Variance in printing and cutting (i.e., colours, quality, alignment, etc.) I totally expect. It does surprise me that there is no attempt to standardise how the data itself is used when ordered through the same company, using the same data formatting. When printer A prints the bleed as a bleed, and printer B prints the entire bleed as part of the card, you have to wonder why this is still going on. Apparently Artscow are aware of the variance, but are in no position to do anything about it.
 
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That is because each order can end up going to a different printer and there is no standard format.

What works for factory A may end up different in factory B. This includes variances in print quality or image resolution even.

And likely the POD provider has no control over this. The orders go out to whatever factory is open at that moment that can handle the order.
 
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Oops. That was stupid and a bit ignorant of me. My apologies.

Benkyo wrote:
MLBath wrote:
This is a really useful guide and a lot of work has clearly gone into it.

A shame that you have illustrated much of it with a game that is not available for PnP. A lot of people would not be comfortable producing a counterfeit copy of a freely available, fairly priced game. Especially when the example simply copies the original, copyrighted artwork.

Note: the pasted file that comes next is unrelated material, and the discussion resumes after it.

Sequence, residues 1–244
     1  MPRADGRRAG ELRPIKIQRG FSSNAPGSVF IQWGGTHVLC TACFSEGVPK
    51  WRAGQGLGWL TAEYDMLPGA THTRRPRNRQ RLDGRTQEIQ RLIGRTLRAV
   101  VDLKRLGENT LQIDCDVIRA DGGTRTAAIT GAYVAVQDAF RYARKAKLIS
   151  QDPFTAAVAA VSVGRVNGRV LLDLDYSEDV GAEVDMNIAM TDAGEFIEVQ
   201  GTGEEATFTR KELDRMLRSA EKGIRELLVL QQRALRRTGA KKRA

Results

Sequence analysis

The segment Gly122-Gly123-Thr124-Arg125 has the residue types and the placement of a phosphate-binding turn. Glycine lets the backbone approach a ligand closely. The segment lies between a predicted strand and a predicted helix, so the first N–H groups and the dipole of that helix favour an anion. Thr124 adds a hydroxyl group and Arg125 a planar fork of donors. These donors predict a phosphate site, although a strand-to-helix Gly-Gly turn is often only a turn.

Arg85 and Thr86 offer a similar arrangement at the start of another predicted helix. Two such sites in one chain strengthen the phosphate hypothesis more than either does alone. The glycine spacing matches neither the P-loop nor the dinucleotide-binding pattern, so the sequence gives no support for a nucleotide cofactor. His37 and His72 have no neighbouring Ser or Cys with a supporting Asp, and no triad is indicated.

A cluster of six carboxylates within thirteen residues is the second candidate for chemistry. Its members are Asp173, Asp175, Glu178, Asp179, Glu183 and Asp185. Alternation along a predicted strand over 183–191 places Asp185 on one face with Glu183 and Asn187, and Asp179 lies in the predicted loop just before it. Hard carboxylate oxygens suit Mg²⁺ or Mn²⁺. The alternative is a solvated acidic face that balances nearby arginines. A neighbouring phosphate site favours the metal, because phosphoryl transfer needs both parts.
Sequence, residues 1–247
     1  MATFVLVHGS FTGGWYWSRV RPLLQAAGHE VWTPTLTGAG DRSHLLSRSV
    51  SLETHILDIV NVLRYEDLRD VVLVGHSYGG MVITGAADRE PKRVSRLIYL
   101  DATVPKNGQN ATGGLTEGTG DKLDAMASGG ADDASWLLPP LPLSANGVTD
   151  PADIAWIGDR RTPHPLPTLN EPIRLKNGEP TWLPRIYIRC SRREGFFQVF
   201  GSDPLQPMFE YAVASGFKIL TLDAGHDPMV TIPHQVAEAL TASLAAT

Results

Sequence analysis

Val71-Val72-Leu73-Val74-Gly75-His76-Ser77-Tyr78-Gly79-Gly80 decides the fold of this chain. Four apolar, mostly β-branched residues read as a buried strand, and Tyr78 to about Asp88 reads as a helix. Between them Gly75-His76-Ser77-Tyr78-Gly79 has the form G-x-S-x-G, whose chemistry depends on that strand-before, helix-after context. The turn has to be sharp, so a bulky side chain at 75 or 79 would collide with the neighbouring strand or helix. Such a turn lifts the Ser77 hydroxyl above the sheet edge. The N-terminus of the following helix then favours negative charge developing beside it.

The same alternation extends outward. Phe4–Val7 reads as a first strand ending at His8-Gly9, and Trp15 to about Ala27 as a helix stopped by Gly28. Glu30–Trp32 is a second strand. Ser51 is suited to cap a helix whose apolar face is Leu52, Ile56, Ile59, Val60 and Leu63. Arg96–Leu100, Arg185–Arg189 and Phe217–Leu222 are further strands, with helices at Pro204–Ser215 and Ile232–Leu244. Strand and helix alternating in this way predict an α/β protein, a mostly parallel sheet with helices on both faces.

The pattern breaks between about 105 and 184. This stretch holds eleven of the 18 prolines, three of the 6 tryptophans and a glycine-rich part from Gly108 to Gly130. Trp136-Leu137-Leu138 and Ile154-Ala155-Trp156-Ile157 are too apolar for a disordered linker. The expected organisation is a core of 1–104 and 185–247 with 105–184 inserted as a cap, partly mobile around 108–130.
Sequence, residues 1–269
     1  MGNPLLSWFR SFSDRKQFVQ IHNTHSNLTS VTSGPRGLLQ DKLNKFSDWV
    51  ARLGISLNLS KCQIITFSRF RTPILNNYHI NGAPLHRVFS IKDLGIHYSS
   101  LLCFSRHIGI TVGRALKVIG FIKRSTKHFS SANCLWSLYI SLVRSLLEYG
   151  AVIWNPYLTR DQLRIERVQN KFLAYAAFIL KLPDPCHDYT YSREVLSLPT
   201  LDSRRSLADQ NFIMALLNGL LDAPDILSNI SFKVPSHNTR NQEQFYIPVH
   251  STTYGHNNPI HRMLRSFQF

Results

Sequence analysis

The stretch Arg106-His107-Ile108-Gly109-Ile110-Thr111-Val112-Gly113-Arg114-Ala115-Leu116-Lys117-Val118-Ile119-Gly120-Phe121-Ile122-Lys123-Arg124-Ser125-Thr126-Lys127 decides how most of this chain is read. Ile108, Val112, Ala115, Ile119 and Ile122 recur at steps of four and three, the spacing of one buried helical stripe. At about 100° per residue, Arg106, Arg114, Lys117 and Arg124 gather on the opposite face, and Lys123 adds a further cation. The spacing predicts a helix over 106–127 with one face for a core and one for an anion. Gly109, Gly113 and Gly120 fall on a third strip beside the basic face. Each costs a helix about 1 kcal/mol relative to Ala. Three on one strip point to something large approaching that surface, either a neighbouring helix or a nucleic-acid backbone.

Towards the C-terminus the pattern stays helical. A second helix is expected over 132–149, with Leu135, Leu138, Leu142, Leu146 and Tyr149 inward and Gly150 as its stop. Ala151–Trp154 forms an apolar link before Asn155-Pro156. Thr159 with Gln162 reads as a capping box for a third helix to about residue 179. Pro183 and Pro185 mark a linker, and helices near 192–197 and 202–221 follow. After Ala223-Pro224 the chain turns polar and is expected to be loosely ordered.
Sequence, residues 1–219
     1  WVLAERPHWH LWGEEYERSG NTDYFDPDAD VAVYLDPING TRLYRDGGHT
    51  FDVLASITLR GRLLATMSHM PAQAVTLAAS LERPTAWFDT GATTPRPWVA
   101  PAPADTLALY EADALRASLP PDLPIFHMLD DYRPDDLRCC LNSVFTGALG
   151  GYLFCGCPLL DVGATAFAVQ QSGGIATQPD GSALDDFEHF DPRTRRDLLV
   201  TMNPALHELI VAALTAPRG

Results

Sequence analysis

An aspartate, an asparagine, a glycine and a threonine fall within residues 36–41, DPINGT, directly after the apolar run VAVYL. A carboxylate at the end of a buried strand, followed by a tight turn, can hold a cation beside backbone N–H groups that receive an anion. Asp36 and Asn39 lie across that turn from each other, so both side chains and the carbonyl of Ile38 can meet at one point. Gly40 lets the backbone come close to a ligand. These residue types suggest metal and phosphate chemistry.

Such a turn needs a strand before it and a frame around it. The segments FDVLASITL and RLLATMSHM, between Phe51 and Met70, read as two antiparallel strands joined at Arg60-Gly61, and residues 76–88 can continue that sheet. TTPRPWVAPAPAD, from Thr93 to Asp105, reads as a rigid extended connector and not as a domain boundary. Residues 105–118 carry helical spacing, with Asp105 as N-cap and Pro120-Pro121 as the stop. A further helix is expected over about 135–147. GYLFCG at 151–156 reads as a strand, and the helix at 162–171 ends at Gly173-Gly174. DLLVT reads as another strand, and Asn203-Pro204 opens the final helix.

You are mistaken. The PnP edition is still available, generously provided by angelkurisu here:

Mottainai Print and Play

Unlike many publishers, they did not retract or delete the availability of the PnP files after the commercial release. That said, as I noted in the guide itself, I do not recommend printing this product now that it is available, unless a local version is not available.
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Great advice. It's pretty strange they're a monolith but can't control something as simple as how bleed and trim are handled with their sub-contractors, but whatever, at least you took the time to really look the problem over, and the advice about choose the 54 playing cards is great.
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Would you happen to have a good template for creating cards from scratch? Illustrator/PDF would be preferred, but photoshop is fine. Kind of shocked they don't provide this.

These guys make Sticker Robot or VistaPrint look real real good. Unfortunately, they're not playing card printers.

Found this over at My Playing Cards, which looks like a slightly more expensive printer, but more professional:
http://www.makeplayingcards.com/pops/pc-temp-guide.html
 
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zmapenguin wrote:
Great advice. It's pretty strange they're a monolith but can't control something as simple as how bleed and trim are handled with their sub-contractors, but whatever, at least you took the time to really look the problem over, and the advice about choose the 54 playing cards is great.


ArtsCow is big, but it is also small. The big comes from their connections and ability to keep costs down and get things done on a fairly timely manner. Something some other POD providers fail at.

But the downside is the variance in requirements and since the orders go out to random factories there is no way to do a standard template.

I'd guess what they have for templates is for the most common requirement. If even that.

Self publishers have run into this as well when they change print factories and occasionally find out that the new factory has a different format that skews your old files. Requiring some reworking of those files.

As for the 54 cards. That is standard. But some other card factories have formats like 108. You have to research each and talk to the individual factories.